Hunger strikes

The Troubles saw thousands of young people going through the prison system, and this led to a major struggle between republican prisoners and the British state after political status was removed for prisoners. An interviewee describes how the 1981 republican prisoners’ hunger strikes led to an “atmosphere so heavy we knew it would explode… Northern Ireland came close to an all-out civil war”. An estimated 100,000 people attended hunger striker Bobby Sands’ funeral out of a sense of “fear, anger and hopelessness”.

The programme looks at the collusion of the state with loyalist paramilitaries and attempts to recruit informers. An IRA member describes how, under questioning by the RUC, she was offered £35,000 to turn against the republican movement.

Attacks by loyalist gangs escalated in the late 1980s and 90s, just as a peace process began to emerge. Billy McManus describes how his father was one of the victims of a loyalist indiscriminate shooting in 1988. The UFF said it was in retaliation for a bombing by the IRA of workers going to a police barracks, in which eight people were killed, all of them Protestants.

While the series sees former republican and loyalist paramilitaries express remorse for some of their organisations’ armed actions, the British soldiers defend or justify their operations. Perhaps this is an institutional mindset, given that the British army has not called a ceasefire, anywhere, and continues its wars and military interventions (including in Serbia, Afghanistan, Iraq, Libya, Syria and, de facto, Ukraine) in  pursuit of the interests of the British ruling class.

Once Upon a Time in Northern Ireland is a good introduction to the conflict and to daily life at the time. Popular culture is referenced, including Terry Hooley’s  ‘Good Vibrations’ record shop and label, set up in 1976, which helped launch bands such as The Undertones, and whose music nights were one of the few social places that brought Catholic and Protestant youth together in central Belfast. But there is not much historical background, however, regarding centuries of colonial and imperialist oppression and mass resistance, and the British ruling class’ policy of sectarian ‘divide and rule’. Still, the series is an eye-opener for many people outside the North.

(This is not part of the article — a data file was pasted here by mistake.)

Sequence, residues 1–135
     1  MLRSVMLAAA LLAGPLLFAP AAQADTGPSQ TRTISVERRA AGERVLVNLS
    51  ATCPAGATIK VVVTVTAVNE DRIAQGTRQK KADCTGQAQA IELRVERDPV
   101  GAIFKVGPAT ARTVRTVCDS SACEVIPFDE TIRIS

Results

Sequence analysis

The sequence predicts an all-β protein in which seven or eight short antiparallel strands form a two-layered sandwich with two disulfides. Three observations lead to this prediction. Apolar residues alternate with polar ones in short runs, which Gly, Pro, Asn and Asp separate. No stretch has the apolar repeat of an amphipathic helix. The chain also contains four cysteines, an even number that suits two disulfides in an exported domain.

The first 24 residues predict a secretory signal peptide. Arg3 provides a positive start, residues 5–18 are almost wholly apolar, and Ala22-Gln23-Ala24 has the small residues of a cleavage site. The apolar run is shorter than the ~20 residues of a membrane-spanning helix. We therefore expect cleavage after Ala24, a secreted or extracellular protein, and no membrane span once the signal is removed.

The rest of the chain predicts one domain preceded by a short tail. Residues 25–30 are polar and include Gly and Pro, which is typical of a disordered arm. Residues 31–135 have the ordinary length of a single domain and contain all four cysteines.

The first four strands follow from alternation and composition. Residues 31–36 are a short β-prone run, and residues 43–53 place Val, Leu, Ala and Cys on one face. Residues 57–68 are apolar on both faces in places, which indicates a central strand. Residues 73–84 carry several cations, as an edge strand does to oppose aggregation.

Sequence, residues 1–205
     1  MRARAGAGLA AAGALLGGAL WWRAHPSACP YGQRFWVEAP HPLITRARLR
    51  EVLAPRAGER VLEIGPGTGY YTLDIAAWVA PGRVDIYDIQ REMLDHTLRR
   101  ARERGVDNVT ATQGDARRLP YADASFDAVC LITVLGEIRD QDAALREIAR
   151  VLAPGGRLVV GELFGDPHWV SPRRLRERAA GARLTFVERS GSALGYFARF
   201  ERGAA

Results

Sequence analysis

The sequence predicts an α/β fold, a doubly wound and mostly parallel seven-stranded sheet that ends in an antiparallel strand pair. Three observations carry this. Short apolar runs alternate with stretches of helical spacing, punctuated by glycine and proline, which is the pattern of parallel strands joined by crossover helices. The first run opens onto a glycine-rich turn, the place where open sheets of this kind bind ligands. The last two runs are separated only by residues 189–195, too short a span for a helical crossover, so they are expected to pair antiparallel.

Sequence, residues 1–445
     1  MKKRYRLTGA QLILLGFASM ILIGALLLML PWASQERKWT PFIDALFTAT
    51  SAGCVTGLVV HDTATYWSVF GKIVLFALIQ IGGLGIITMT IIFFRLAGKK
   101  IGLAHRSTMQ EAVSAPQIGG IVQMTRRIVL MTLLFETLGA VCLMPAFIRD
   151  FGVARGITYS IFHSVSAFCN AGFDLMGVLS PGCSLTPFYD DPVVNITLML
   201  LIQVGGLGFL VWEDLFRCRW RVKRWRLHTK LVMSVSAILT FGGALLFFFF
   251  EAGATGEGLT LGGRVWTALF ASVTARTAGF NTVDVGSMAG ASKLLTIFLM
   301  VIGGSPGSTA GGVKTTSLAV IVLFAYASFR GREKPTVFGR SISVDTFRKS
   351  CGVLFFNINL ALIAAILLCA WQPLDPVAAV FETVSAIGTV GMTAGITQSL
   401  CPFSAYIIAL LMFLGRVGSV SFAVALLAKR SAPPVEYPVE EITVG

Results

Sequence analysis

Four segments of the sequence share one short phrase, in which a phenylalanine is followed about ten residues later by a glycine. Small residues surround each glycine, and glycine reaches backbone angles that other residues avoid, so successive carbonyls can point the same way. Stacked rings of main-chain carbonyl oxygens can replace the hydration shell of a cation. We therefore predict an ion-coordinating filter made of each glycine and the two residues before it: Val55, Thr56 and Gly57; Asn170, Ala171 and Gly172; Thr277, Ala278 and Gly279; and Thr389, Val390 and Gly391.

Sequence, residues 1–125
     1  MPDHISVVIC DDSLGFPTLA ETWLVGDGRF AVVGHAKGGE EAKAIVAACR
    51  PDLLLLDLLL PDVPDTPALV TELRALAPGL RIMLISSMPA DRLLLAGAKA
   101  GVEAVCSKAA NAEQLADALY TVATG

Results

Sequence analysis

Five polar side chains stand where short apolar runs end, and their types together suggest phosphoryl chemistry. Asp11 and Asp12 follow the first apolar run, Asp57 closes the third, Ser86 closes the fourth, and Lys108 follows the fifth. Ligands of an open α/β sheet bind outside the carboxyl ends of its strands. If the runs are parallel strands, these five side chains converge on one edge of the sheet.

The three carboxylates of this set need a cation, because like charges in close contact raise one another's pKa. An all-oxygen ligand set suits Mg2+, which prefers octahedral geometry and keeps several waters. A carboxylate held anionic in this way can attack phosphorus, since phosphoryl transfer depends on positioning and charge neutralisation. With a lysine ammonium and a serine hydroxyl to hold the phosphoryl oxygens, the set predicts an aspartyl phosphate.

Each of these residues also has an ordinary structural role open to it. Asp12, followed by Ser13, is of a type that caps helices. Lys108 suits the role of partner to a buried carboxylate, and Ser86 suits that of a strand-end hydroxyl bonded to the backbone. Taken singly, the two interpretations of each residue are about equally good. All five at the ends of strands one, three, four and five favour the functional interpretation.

Given the format of the series, it cannot be an in-depth analysis and, apart from the competing armed combatants, it largely ignores other important factors in society, such as the role of the political parties and politicians. Aside from footage of trade unionists on a demonstration demanding an end to conflict in the 1990s, the role of the organised workers’ movement is missing from the series. The unions in the workplaces played a key role in stopping a slide to all-out sectarian conflict many times. However the leaders of the trade unions and long-defunct Northern Ireland Labour Party were found wanting in providing decisive leadership, with bold socialist policies, during the civil rights struggle, and on other occasions, that could have united Catholics and Protestant workers. A vacuum was left for other forces to fill and the Troubles were the tragic outcome.

  • ‘Once Upon a Time in Northern Ireland’ is available for streaming on BBC iPlayer